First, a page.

So what really happens when you use night lights in your garden? Most of us know the majority of plant pollination by either the wind or by insects. What you may not have considered is that there are two basic kinds of insects responsible for pollination.
There are insects that work during the day, and another group that work at night.
As some of the daytime pollinators such as bees are being threatened by environmental pollution, it’s important to understand the nocturnal pollinators are also influenced by human behaviour.
The nocturnal pollinators fly, quite obviously, at night. They are genetically predisposed to flying with extremely limited amounts of light.
The research showed that the flowers on meadow gardens that were illuminated with natural street lighting were visited two thirds less frequently by the pollinators than those gardens that were nearby but out of the street lamp effect. This reduced the seed and fruit set of the plants and thereby reduced the reproduction.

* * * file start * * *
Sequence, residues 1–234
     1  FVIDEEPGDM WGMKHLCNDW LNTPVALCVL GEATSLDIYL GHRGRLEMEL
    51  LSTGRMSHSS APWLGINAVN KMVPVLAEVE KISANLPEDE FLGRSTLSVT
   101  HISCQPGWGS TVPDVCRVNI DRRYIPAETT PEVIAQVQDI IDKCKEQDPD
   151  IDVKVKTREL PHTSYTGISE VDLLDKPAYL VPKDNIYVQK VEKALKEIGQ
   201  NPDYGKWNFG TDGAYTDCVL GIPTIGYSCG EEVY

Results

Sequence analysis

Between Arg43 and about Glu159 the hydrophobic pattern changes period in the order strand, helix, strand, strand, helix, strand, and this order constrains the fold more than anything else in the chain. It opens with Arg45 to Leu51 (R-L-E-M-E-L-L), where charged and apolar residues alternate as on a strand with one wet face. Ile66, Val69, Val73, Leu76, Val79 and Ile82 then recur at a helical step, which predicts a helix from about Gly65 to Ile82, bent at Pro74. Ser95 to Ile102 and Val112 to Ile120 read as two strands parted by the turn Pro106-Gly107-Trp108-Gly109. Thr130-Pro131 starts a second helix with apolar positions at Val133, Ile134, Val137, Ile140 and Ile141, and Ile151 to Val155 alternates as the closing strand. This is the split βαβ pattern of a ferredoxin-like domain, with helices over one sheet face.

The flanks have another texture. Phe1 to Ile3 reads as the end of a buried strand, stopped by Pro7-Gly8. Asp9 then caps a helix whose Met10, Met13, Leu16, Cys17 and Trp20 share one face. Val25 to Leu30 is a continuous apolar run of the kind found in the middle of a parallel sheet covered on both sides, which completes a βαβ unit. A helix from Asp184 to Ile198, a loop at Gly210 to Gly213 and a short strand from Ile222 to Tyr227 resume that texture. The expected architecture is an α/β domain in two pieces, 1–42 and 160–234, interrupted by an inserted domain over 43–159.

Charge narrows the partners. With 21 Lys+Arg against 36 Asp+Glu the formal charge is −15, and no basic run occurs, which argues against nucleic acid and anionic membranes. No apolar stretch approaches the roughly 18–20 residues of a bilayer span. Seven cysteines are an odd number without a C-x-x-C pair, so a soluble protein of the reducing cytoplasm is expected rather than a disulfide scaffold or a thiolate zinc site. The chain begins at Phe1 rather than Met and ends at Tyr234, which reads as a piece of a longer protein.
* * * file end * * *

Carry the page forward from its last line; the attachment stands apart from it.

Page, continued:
This means that normal street lighting will have an influence on your garden and if you add night lighting, whether it is solar or electrically driven, the plants will be negatively influenced because the nocturnal pollinators will avoid the light.
As a side note, the research points out there are almost 300 insects species that work at night.
As a second note, this also means the extra light we provide our gardens at night will reduce the nocturnal insect populations because of their inability to work in lit environments.
So while it is an enjoyable experience to have gardens that are lit at night, you may want to consider ensuring that parts of your property are not lit during the deepest hours of the night or when you’re not out there enjoying the garden.
Knop E., Zoller L., Ryser R., Gerpe Ch., Hörler M., Fontaine C. (2017) Artificial light at night as a new threat to pollination. Nature, 02. August 2017,